Curtis S. Chin is a former US Ambassador to the Asian Development Bank, Chair, Asia Fellows, and Senior Advisor, Global Markets of the Milken Institute, and Managing Director of advisory firm RiverPeak Group, LLC.
In many ways, Japan and Singapore could not be more different — at least when it comes to geography. Yet through the lens of global mobility, there are also striking similarities as each of these wealthy, dynamic nations moves forward post-pandemic.
While vastly distinct in size, Japan, an archipelago of some 123.7 million people spread across 6,800 islands, and Singapore, a city state of some 5.9 million people, have been ranked 1st and 2nd, respectively (and at times interchangeably) on the Henley Passport Index since 2018, or they have shared the top position like they did in the Q1 edition of the index this year. This global index ranks the world’s passports according to the number of destinations their holders can access without a prior visa.
In the latest data, however, Singapore firmly and singularly occupies the Number 1 position in the ranking, with its citizens having visa-free or visa-on-arrival access to 192 out of 227 countries and territories around the world.
Tied at Number 2 on the index are Germany, Italy, and Spain, whose passport holders all have visa-free or visa-on-arrival access to 190 destinations. These countries are followed at Number 3 by five other European nations as well as South Korea and Japan, all with visa-free access to 189 destinations.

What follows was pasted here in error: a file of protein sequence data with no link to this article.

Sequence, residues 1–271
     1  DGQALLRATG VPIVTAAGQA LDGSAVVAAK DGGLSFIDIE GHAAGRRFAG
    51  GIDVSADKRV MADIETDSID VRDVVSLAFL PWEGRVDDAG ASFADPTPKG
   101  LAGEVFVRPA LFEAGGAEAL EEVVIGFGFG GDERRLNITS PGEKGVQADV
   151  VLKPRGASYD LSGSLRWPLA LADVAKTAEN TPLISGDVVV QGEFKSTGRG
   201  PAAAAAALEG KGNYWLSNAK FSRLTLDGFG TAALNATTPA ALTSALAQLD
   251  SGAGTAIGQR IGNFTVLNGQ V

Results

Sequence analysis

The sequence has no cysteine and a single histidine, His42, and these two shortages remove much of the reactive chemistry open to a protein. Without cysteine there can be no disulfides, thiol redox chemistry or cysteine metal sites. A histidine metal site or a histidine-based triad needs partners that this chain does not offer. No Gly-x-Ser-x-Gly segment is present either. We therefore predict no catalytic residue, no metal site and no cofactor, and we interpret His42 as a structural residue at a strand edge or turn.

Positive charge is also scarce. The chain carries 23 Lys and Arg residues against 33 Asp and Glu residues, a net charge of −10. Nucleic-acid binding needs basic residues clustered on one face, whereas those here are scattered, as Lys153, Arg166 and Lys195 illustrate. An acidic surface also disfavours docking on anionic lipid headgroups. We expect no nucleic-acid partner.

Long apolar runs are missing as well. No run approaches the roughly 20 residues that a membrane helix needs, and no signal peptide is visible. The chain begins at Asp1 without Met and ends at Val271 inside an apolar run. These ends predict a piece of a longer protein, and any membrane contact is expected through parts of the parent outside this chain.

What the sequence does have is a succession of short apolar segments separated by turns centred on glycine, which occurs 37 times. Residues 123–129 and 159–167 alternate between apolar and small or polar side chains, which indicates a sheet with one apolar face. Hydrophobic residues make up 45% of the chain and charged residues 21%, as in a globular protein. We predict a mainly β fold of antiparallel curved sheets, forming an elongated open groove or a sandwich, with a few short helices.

For nearly two years, the reality has been that the power of these and other passports for visa-free access was undercut by travel restrictions imposed by governments due to concerns over the spread of Covid-19. Most definitely for tourism and also largely for business, international travel came to a halt. Those times are behind us as Singapore, Japan, and almost every country has reopened, with governments continuing to think through new policy and regulatory changes to, in essence, build back better.
Among the industry leaders in attendance at the 26th Milken Institute Global Conference were the then-Chief Executive Officer of the Singapore Tourism Board Keith Tan and Japan’s Minister for Digital Transformation and Minister for Digital Reform Taro Kono, who both asserted that their respective nations were open for business and firmly moving forward as Covid-19 restrictions have lifted.
For tiny Singapore, which led much of the Asia-Pacific region in reopening its borders, the results continue to be promising when it comes to visitors. In the first six months of 2023, Singapore welcomed 6.28 million people, or 67% of the number of visitors for the comparable pre-pandemic 2019 period.
Singapore’s strengths across global connectivity, infrastructure, and technology continue to attract thought leaders, businesses, high-net-worth individuals, and investors, despite the city state replacing Shanghai as the most expensive city for an ‘upper-class lifestyle,’ according to the Julius Baer Group’s 2023 Global Wealth and Lifestyle Report.
As travel restrictions have lifted, Japan — like Singapore — has also moved forward to attract not just visitors but also qualified individuals who might bring desired skills and investment and stay a while.